We’ve all heard about how extravagant work vacation time is in prime European countries like Germany and France versus that of the U.S. While the American worker gets to squeak out two weeks’ time, plus a few major holidays here and there, his European counterpart earning the same salary level realizes four to six weeks’ time off on average. European Union standards require a minimum of four weeks at least. No surprise, families often use the time to travel, rent a beachside cabin, or go camping near lakes for an extended time off. The American worker, on the other hand, loses half his two weeks physical recovering from exhaustion, and the other half is stuck sitting in airports or on jammed highways for a day or two of real “vacation.”
Lack of a Vacation Requirement
One fundamental difference between the U.S. and Europe is that there is no legal requirement for American companies to pay for vacation. While many realize it’s a basic requirement and part of incentive package to hire qualified skill, they only offer the least amount necessary to keep operating costs at a minimum. It’s a short-sighted focus on immediate cost benefit versus long-term labor value.
Productivity Metrics Support Vacation Time
Business and political leaders of all types are the first to lambast the European labor/vacation model, labeling the approach with everything from slothful to socially poisonous. Keep in mind, the ones doing the loudest criticism often sit at the top of the company or agency hierarchy, enjoying 3 o’clock golf games and business-paid flights on a regular basis. They’re not the common worker putting in 8 to 12 hours a day for a basic wage or salary. So the criticism tends to be extremely biased by those making a profit from people working more and vacationing less.
When economist experts look at the matter, however, the viewpoint changes. Every good economist worth his salt knows no process can be maintained for any length of time without the elements of the system breaking down and needing maintenance. People are no different. They can maintain a minimum level of performance for a long time, but that’s typically not what’s desired. Full throttle performance is gold, but it’s short-term in duration, even from the best coordinated teams. As a result, economists are often tinkering about trying to define what is the edge of pushing people so that they can maintain long-term performance without burnout that makes them useless on sick leave for days afterwards.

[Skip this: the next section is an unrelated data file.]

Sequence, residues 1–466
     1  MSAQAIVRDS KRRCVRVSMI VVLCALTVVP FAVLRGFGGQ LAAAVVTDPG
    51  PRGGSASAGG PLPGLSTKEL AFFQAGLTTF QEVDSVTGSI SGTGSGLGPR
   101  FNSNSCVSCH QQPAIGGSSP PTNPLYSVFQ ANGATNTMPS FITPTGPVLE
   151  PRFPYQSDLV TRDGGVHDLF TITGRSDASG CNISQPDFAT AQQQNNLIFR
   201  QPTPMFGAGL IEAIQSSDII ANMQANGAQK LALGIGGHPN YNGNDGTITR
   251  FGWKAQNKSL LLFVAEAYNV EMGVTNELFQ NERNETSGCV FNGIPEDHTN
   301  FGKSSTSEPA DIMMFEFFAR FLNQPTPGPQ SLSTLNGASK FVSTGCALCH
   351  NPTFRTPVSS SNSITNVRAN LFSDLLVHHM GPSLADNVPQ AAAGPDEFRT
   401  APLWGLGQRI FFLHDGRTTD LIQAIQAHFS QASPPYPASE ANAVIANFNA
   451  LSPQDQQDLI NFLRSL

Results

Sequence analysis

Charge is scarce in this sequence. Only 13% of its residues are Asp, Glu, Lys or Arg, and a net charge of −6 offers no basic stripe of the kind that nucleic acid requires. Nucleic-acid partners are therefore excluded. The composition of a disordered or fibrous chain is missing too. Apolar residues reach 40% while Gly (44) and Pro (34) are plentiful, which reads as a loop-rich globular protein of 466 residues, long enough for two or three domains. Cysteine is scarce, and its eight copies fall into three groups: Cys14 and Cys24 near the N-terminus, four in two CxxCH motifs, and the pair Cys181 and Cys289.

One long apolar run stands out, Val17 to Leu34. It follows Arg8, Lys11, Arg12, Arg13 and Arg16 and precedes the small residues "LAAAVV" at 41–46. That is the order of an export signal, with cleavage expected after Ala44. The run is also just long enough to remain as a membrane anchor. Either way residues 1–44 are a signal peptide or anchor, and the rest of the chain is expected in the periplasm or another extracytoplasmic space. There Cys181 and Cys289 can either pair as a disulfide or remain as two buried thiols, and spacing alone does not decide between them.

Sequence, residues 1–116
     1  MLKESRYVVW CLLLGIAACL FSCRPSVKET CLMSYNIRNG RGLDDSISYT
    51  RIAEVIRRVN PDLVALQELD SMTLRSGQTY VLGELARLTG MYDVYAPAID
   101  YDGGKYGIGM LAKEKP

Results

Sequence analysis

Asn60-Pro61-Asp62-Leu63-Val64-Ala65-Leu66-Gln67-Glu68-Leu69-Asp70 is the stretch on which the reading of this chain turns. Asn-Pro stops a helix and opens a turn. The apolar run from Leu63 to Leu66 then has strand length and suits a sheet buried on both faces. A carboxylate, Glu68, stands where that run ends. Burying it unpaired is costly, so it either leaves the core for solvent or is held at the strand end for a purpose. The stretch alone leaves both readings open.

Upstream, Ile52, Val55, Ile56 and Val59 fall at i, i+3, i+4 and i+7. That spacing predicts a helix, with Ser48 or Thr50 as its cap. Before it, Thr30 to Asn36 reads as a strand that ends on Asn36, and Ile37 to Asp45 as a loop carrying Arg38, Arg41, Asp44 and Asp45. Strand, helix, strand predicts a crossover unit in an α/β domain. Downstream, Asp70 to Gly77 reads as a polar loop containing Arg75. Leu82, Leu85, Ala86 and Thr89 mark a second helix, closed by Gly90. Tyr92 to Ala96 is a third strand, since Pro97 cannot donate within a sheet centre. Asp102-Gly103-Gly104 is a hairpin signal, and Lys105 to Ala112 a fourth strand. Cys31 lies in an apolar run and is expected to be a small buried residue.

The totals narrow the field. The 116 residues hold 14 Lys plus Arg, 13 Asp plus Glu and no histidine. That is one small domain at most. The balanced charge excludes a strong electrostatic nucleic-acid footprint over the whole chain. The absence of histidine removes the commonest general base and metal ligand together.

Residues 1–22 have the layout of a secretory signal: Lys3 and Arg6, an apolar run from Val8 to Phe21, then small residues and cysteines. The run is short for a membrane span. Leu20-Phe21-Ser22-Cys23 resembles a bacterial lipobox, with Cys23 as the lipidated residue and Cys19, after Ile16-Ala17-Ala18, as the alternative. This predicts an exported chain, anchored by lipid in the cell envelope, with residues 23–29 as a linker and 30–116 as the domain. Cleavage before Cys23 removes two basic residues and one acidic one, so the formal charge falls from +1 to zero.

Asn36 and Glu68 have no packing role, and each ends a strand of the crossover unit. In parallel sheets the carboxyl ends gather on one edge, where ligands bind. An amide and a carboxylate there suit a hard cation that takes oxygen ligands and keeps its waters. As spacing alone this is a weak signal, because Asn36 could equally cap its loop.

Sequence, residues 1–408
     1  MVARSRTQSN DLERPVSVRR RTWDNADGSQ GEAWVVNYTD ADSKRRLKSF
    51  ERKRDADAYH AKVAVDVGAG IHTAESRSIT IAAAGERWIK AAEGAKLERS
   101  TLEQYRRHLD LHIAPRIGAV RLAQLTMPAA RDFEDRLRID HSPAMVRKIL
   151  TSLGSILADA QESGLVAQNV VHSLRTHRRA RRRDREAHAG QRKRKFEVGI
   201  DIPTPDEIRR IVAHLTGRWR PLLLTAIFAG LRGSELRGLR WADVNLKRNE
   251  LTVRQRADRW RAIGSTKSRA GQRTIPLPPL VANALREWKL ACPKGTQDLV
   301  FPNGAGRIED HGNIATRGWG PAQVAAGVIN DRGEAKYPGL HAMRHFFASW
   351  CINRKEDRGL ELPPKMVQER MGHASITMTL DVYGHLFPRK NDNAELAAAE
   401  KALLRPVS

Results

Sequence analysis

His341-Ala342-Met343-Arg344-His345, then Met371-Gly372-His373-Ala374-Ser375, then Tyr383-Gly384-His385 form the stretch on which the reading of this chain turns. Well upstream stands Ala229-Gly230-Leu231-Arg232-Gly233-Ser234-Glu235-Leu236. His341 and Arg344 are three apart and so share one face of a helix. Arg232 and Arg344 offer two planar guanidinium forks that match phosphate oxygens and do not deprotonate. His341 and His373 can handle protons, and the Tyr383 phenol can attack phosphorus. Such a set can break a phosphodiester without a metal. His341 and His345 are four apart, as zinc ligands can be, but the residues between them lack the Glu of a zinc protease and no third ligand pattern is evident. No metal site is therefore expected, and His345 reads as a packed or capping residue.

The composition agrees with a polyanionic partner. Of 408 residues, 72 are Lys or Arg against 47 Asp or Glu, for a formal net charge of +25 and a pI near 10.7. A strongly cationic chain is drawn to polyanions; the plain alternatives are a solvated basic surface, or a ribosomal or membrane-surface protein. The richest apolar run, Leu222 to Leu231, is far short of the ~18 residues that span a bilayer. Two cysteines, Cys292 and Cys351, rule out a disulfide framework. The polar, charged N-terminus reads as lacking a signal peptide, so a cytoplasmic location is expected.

Trickle-Down Benefits Don’t Happen in the U.S.
It’s a twist of irony that in the U.S. with its political mantra of entrepreneurial zeal and looking down on any kind of organized labor pushing for worker benefits, workers and managers alike are miserable, and in Germany where labor unions are strong and have secure heavy benefits, both managers and workers are far happier in their daily lives. Despite the promise of business success, the U.S. model doesn’t share its happiness with everyone – only a few get to realize the benefits.
Plenty of Studies Support Vacation Time
Journal after journal, and article after article, some of the most notable in the Harvard Business Review, have repeatedly focused on employee morale as the key to high productivity. And one of the big ways to predictably and reliably is vacation time. Let’s do the math: who puts out more work – the employee grinding out the hours and doing the minimum with one week of vacation, or the employee with multiple vacation breaks who is refreshed and puts out close to his maximum again and again? Even on an objective metric basis, the more-vacation model usually comes out with better results.
Business School is Teaching the Wrong Lessons
American management hates the idea of vacations because such leaders have been ram-rodded with short term cash flow targets and the demand for showing quarterly profit gains. This type of business frequently fails because it ignores long-term benefits that can sustain the company for years. Instead, chasing short-term gains for market reports every few months leads to cutting personnel, benefits, operating costs and similar when sales aren’t performing. It produces gains in “profit margins,” but then the manager has to do the same gain, cutting deeper and deeper. No surprise, the company begins to fail.
U.S. companies could learn a thing or two about vacation value if they want to be around tomorrow. That next employee’s Disneyland trip or a Taiwan tour could be inspiration for a new market opportunity.
Lindsey Patterson specializes in business technology, customer relationship management, and lead management. In addition to writing, Lindsey is a pianist, a gamer, and when her budget allows, a world traveler.